There are too few great Western novels, so I am glad to discover Michael McGarrity’s Hard Country. It begins with ruthless urgency with the death in childbirth of John Kerney’s wife Mary Alice and the murder of his brother and nephew by rustlers. His son Patrick is sent off in the care of his newly bereaved aunt Ida while John Kerney heads off in search of work and revenge.
However, never fear, this is no Outlaw Josey Wales or Revenant. This is not a revenge story, it’s a family story. John lives the cowboy life, traveling from ranch to ranch. His calm good sense earns him friends and respect that reward him all his life. One of them is Cal Doran with whom he buys a ranch while sending letters trying to track down his son who was left in the hands of a doctor and his wife after his sister-in-law died.
This is a story about ranching, about settling New Mexico, about the history of the West. It is rich in texture, with interesting secondary characters as well. I have an old leather-bound copy of Log of a Cowboy and Hard Country has that kind of authenticity.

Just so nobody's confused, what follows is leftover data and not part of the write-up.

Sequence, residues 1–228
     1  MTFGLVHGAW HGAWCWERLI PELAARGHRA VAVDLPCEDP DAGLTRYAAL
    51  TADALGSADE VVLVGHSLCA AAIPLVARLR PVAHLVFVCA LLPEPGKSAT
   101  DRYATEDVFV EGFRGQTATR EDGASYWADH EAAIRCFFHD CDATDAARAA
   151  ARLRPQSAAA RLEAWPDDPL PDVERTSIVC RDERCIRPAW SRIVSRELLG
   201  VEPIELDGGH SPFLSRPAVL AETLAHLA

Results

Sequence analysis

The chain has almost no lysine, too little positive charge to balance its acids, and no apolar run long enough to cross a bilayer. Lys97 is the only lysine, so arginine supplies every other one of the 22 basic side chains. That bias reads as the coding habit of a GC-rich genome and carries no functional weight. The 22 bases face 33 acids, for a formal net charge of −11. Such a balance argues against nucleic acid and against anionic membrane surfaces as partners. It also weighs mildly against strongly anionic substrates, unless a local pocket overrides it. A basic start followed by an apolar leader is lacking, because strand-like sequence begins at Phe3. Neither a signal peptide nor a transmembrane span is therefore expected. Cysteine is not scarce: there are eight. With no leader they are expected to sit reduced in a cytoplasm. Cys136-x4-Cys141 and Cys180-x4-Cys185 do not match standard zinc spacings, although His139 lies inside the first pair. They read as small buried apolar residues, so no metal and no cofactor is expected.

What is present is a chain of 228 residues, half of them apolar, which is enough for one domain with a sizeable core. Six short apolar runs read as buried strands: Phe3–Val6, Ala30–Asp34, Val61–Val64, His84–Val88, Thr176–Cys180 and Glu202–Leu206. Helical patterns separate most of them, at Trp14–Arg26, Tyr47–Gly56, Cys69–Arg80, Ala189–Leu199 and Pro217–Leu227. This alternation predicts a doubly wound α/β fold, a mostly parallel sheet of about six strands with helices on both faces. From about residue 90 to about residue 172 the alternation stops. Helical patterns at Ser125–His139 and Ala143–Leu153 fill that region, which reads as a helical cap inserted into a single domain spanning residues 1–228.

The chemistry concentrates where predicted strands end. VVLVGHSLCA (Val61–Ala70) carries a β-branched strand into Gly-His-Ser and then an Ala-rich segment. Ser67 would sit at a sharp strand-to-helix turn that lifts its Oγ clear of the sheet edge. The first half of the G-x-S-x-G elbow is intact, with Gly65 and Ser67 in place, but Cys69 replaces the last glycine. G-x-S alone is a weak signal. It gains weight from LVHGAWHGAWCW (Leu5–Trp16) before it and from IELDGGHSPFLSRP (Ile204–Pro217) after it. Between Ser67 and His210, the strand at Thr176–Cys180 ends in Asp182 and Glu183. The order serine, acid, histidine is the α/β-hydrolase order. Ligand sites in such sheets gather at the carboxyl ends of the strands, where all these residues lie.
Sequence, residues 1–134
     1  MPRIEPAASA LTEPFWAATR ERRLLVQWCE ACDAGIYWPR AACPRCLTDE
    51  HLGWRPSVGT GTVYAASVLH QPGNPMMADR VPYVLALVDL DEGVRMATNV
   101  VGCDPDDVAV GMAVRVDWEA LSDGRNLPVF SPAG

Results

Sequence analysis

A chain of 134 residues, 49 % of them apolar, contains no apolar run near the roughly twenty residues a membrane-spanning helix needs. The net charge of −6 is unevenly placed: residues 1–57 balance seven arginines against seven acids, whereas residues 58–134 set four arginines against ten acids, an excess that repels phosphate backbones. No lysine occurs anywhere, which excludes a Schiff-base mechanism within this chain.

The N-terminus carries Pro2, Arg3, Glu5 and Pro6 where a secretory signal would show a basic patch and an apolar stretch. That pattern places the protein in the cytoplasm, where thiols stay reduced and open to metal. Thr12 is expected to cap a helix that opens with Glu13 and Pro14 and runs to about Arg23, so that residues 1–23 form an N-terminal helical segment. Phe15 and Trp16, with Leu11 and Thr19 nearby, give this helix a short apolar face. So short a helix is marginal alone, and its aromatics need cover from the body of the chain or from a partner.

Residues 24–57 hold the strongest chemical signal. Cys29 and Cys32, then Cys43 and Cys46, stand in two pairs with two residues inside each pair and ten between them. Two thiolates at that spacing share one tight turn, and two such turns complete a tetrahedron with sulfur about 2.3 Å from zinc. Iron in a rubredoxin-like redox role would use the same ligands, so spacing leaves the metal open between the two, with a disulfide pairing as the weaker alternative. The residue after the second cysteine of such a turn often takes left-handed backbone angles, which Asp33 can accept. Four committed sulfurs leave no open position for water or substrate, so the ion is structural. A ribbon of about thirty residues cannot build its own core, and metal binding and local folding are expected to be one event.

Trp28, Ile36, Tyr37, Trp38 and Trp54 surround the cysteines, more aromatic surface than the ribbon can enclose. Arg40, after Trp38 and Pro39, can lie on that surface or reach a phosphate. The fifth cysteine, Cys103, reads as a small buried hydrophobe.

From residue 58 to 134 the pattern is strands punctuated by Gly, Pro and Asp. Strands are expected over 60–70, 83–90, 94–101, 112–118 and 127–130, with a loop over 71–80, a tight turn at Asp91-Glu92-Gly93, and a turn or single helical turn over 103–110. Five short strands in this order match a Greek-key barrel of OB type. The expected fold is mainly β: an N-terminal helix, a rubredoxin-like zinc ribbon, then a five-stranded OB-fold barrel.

In Hard Country, we get to know three generations of Kerneys. There is John, his son Patrick whose indomitable wife Emma is an inspiration, and Patrick and Emma’s sons C.J. and Matt. The story begins shortly after the Civil War and ends during World War One.
Hard Country is the first in a three-part family saga following the Kerney family, the ancestors of Kevin Kerney, the main character in a detective series I am adding to my For Later Shelf at the library. I have not read any of the Kevin Kerney novels and that has not been an impediment to being completely engrossed.
I liked Hard Country very much and am eager to read the sequels Backlands and The Last Ranch, which will be released May 17th. There is a strong sense of place, the ranch is a character as hard and enduring as the Kerneys. The author writes with subtly about the relationships between whites and Mexicans and the Apaches. One of the best things, though, is the people are by and large likable. Even the one who can be stupid and self-sabotaging, they are still likable. I cared about them, I cried with them and look forward to the next part of their journey.